Bill for betrayals
Contrast is a compelling tutor. Compare two headlines in the Thursday issue of the Inquirer. “Young lieutenant leaves little Sophie,” read the streamer. The banner below blared: “Jinggoy rats on colleagues.”
Army 1st Lt. Francis Damian was killed in the fighting in Zamboanga against remnants of the Moro National Liberation Front. A 2007 Philippine Military Academy graduate, Damian had volunteered for operations to flush out the rebels who were using civilians as human shields. At one point on Wednesday, while she was in her mother’s arms, nine-month-old Sophie reached down to tap her daddy’s coffin, the report said.
In a privilege speech at the Senate on the same day, Sen. Jinggoy Estrada ducked the rap that he had repeatedly creamed the pork barrel fund. Instead, he blamed everybody else: “bribed” senators, assorted congressmen, the Department of Budget and Management, the Commission on Audit.
He confirmed Rappler reports that he is building a P120-million house on a 3,000-square-meter lot in Wack-Wack subdivision in Mandaluyong. Construction stopped last week. The lot is estimated to cost between P210 million and P240 million. The house does not appear in his latest statement of assets, liabilities and net worth. And the senator hung up when Rappler called to inquire.
Isn’t Jinggoy taking “the speck out of your brother’s eye,” ignoring “the log in your own”? Here, we see a society of embedded contrasts. Compare the differences in life spans.
The Philippine Human Development Report 2013 picks 10 provinces where people live longer (73 to 76 years): La Union, Cavite, Misamis Occidental, Benguet, Bulacan, Camarines Sur, Ilocos Norte, Cagayan, Isabela, and Sorsogon. The losers (46 to 59 years): Ifugao, Surigao del Sur, Western Samar, Mountain Province, Kalinga, Basilan, Lanao del Sur, Maguindanao, Sulu and Tawi-Tawi.
In an international matrix, the average life span of a Filipino is similar to an Indonesian’s. Japanese life spans are over a decade longer. The earnings of the richest 10 percent of households here are 19 times that of the poorest 10 percent. This year, the population exceeded 97.7 million—and counting.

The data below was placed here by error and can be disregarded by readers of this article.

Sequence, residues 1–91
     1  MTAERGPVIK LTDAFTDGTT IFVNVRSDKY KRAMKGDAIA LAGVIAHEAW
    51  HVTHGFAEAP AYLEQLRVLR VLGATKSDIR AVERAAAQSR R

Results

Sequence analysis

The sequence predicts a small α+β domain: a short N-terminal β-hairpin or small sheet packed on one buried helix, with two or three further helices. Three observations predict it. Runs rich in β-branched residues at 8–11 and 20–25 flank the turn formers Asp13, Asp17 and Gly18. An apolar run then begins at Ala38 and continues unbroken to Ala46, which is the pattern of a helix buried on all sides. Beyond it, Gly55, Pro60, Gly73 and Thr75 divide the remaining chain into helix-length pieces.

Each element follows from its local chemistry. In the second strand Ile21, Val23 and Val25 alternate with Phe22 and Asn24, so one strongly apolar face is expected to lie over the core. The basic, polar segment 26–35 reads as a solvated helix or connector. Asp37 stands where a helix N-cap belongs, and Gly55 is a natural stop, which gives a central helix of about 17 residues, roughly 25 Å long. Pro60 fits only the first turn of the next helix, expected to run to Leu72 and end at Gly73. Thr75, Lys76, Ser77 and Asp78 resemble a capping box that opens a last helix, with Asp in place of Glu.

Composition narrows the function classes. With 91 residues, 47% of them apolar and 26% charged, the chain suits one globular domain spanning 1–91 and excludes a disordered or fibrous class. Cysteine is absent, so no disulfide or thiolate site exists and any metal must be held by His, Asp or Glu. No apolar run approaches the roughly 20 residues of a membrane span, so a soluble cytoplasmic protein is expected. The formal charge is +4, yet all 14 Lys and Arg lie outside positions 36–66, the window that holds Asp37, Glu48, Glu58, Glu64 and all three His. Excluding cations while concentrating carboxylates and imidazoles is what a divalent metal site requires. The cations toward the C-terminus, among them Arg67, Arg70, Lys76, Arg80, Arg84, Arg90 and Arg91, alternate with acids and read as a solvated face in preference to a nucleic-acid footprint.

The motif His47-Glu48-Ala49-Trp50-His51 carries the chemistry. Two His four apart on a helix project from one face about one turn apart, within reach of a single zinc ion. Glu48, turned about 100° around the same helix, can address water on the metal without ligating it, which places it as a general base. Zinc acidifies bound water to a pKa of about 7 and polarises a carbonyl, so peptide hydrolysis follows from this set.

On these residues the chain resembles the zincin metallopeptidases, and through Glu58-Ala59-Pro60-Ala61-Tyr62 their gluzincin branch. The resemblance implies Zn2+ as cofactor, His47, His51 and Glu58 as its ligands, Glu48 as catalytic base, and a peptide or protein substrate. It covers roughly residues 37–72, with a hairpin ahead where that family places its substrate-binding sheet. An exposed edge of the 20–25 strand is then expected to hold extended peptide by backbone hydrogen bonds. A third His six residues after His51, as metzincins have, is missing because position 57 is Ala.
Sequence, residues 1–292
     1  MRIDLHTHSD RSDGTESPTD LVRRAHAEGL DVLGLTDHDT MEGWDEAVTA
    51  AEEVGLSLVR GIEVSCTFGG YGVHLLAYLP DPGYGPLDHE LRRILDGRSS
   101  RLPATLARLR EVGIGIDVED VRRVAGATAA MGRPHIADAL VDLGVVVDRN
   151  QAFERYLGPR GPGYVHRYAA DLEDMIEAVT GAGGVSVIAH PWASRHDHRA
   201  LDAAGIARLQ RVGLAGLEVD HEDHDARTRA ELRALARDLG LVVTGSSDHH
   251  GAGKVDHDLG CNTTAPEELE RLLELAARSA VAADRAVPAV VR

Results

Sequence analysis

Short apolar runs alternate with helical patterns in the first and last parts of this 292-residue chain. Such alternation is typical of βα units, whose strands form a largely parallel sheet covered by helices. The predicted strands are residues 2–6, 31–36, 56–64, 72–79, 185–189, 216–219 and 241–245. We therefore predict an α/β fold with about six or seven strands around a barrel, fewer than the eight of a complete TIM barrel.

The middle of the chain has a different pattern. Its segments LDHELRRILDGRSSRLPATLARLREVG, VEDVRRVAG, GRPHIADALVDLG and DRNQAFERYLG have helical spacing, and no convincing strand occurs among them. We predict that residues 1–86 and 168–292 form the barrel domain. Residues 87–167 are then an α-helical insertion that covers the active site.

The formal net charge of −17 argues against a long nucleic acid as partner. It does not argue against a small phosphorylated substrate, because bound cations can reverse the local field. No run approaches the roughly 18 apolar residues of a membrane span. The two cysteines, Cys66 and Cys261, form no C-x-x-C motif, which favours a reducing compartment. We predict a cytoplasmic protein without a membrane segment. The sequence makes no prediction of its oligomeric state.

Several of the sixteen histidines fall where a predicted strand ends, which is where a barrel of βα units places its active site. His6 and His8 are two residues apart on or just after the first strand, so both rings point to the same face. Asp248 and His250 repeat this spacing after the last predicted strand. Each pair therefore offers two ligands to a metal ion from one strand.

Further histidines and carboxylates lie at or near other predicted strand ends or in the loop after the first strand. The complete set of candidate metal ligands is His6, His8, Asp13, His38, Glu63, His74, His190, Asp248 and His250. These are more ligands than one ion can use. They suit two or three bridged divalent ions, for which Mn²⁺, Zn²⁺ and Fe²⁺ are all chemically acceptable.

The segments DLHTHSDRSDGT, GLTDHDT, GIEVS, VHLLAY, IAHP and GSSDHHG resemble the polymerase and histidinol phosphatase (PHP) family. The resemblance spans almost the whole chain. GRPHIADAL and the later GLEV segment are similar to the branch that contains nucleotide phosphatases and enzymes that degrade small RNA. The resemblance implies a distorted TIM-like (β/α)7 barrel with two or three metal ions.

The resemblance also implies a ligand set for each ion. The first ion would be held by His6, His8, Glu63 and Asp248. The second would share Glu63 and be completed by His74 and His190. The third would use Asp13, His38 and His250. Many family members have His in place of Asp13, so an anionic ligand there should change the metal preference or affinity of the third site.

Do these disparities turn us into a “democracy of the dead”? All are supposed to be equal in the cemetery. But where one is born matters. Death rates among infants of poor families can be two or three times higher than infants of the rich, an earlier Asian Development Bank study notes. “Equal opportunity is good, but special privilege is better,” a political heiress snaps.
Education is the escape hatch. “Who can use a writing brush will never” beg. But that exit is welded shut for many. Poorer households are almost three times more likely to be out of school than those richer.
Dropouts are estimated at 6 percent among grade school students, and 11 percent among those in secondary school. Lack of schooling “turns the wheels of intergenerational transmission of poverty against them. [It] consigns them to a future of low income…”
Tiny coffins and wizened infants are visible indicators of disparities in health. “Illness comes on horseback but departs on foot.” Yet, improving access to safe drinking water by 10 percent can reduce child mortality by 3 percent, the World Health Organization estimates.
No indicator captures the divergence in human development more powerfully than child mortality. Out of every 1,000 children born, 18 will die before their first birthday. In the Autonomous Region in Muslim Mindanao, infant deaths crest at 42. Compare that to Malaysia’s five.
Filipino mothers dying in childbirth are more than quadruple that of Thailand. Last year, 15 mothers died every day due to complications during pregnancy and childbirth—up from 11 three years back, the National Statistics Office reported.
Yet, there is no outcry. Why? Their burial shrouds are usually out of sight. “Discontent arises from the knowledge of what is possible.” What is different today is many people see the connection between a government scam and the death of young mothers and children—and realize that this is not inevitable.
Blurred in the fury over the pork scam and efforts to blunt reform is this week’s ongoing meeting at the United Nations to recast “Sustainable Development Goals.” The current targets lapse in 2015. And in his report to the UN that year, President Aquino shouldn’t dally with why we probably won’t achieve MDGs 1, 2 and 5. You can’t eat excuses.
P-Noy set higher standards of integrity. That should anchor the future task of securing closing deficits, at all levels, for whoever Filipinos will elect president after him. That president can build on his reforms to tackle the post-2015 agenda vigorously.
Decent jobs, liveable cities, zero hunger and malnutrition should become part of a new global blueprint to end poverty by 2030, says an ADB report. Despite an impressive reduction in income poverty in recent decades, the region is one where six out of 10 go hungry. The region must address new emerging challenges like rising inequalities, unplanned urbanization, climate change, pollution, and water scarcity.
The World Bank finds that four-fifths of improved income of the poorest 118 countries came from general economic growth, not redistribution. That still leaves a fifth that may be perked up by policies tailored specifically for the poor. These will be required to get extreme poverty to zero.
“Inequality is extremely hard to change,” the Economist notes. “The rich and powerful have an incentive not to change it too much.”
Doesn’t that betray Army 1st Lt. Francis Damian, killed in Zamboanga’s fighting, and his baby daughter Sophie?
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